Despite having a Masters degree in economics, and business acumen garnered over many years, Baluch often struggled to pay the bills to get his papers to press, a situation that would at times interfere with the smooth running of his newspaper operations. This fact, however, did nothing to diminish people’s admiration for the man. He was well known and widely admired, and his opinion counted. As fellow journalists would observe, “Siddiq Baluch the man was widely known and appreciated for far more than just his newspapers.”
There were times when the outspoken Baluch ran afoul of government officials and the security establishment. When this happened government advertising revenue, on which the financial survival of his newspapers depended, would be withheld. This state of affairs presents an ongoing problem for newspaper editors and publishers working in the province. It is hard to imagine there ever being a free and independent press in Balochistan when newspapers have to rely on revenue from advertisements regulated and controlled by the government. As his close companion and colleague during the last decade of his life, it was painful for me to see this playing out. A 17th grade government official, someone barely capable of writing a letter in decent Urdu, might at any time threaten Baluch with an advertising ban. What was a man barely literate in Urdu doing in a key government position in the first place? But Baluch was a tolerant man. He always responded with a calm and measured demeanor, declaring, “A newspaper cannot be filled entirely with pro-government content.” Despite the inevitable backlash he faced, he continued to be critical of bad government policy.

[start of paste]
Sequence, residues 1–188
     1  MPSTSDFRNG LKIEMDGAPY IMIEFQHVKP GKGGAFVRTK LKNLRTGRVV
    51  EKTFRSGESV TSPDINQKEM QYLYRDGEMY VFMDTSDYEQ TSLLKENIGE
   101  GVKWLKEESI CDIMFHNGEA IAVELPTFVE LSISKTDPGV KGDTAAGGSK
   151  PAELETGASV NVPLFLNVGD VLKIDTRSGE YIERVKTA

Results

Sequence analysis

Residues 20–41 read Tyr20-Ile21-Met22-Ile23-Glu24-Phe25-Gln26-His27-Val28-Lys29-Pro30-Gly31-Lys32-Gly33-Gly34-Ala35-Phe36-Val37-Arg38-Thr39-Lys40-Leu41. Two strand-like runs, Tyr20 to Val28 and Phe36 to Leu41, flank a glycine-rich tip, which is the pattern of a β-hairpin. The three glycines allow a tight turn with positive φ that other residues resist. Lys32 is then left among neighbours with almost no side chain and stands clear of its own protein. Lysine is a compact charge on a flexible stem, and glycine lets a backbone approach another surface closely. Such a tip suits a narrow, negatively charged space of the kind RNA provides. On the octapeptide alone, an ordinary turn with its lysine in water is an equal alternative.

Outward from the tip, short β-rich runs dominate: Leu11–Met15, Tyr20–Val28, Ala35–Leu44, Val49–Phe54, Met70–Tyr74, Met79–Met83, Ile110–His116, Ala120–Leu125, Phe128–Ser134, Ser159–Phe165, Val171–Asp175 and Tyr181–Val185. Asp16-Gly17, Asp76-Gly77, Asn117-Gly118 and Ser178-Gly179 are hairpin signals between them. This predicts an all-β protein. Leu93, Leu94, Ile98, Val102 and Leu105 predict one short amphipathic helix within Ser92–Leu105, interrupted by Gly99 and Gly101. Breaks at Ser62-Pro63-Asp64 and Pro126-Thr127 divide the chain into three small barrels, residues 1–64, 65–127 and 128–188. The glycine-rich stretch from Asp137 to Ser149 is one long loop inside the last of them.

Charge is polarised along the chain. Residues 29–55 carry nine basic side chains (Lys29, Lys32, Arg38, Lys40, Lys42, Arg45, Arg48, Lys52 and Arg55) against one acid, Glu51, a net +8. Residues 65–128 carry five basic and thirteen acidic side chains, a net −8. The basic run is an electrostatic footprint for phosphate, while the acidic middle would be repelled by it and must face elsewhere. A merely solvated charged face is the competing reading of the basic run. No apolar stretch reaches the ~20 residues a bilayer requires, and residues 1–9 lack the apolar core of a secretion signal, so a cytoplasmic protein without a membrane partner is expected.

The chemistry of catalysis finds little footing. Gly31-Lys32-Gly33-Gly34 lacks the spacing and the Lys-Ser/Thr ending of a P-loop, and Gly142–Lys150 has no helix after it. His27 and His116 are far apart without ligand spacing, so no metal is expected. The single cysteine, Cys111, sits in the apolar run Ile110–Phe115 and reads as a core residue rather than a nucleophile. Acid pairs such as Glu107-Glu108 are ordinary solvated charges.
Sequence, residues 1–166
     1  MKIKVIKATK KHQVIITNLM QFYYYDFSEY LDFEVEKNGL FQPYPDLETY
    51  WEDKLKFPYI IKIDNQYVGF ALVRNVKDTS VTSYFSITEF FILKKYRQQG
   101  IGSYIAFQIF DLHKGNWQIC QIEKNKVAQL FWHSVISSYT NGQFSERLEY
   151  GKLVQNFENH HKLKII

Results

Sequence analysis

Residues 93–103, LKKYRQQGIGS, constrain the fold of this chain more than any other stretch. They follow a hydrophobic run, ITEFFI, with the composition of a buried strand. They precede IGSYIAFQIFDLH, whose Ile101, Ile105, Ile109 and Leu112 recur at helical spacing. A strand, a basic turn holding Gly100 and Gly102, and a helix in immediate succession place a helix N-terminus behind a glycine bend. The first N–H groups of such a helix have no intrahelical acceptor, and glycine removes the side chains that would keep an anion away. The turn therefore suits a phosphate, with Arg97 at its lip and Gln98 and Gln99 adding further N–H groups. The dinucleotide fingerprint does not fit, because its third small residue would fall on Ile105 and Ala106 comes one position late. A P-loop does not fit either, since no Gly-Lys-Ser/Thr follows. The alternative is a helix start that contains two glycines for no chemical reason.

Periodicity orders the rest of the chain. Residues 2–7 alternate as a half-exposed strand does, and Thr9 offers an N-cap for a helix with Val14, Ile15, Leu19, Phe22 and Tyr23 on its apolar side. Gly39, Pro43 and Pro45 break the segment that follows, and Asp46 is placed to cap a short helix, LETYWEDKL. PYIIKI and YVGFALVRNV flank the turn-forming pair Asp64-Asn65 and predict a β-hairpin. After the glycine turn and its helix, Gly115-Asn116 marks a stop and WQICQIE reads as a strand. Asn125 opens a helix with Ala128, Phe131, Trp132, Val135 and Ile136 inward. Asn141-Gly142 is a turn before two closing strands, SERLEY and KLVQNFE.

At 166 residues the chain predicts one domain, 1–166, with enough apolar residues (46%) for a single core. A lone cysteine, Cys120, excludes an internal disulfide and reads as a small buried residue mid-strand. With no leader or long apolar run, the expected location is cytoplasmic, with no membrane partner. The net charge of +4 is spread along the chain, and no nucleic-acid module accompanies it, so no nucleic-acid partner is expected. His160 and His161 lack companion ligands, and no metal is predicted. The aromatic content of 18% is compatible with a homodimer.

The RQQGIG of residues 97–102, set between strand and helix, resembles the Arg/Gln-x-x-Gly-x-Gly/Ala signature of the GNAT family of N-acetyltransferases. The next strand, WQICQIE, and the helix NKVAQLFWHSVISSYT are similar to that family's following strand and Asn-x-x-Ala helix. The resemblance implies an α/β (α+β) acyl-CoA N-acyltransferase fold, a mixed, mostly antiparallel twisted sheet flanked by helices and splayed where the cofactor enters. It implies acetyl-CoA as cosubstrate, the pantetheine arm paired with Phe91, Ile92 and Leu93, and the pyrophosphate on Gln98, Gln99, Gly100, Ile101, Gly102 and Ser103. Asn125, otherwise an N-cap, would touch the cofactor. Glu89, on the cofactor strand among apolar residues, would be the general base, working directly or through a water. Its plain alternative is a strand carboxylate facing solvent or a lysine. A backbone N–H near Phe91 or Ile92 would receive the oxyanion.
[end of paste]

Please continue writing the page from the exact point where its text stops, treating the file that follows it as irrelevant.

In his final years, the ailing Baluch could not afford treatment for his pancreatic cancer and had to resort to loans and government assistance, incurring debts that his family is still paying off. And yet he pressed on even in the face of declining health. He was acutely aware that news stories from Balochistan rarely make headlines in the mainstream media and this served as a primary motivator for him, spurring him on even in his last days. “We have to make every effort to survive and tell our stories,” he said. “Balochistan is a difficult place for journalists, but we have to persevere and do what we can.”
Baluch was a self-made man. He was not born into a wealthy family. There were no rich uncles financing him, nor did he hold a lucrative government position, though he received offers from different political parties over the years. The one exception to this was in 1973, when he served, for a few months, as Secretary to the former Governor of Balochistan, the late Mir Ghuas Baksh Bezinjo. For this he paid dearly however, spending four years in prison after the government was toppled by the PPP in 1973.
Siddiq Baluch was a truly great journalist, but more than that he was a great human being. He was a man of integrity, and a decent, honest, upright citizen who had the utmost respect for the law. “I don’t care what others are doing,” he would say. “Around here everyone must follow the law. I am a journalist. I preach about the supremacy of the law. If I don’t respect the law myself and demand the same from those who work for me, what right do I have to criticize others when they do wrong?” That was the essence of Siddiq Baluch. He led by example and that made him the best kind of teacher for any journalist who had the privilege of working with him. Given his strength of character, his gifts as a journalist and publisher, and his comprehensive grasp of the history, politics and infrastructure of Balochistan, it is hard to imagine the vacuum left by his passing ever being filled.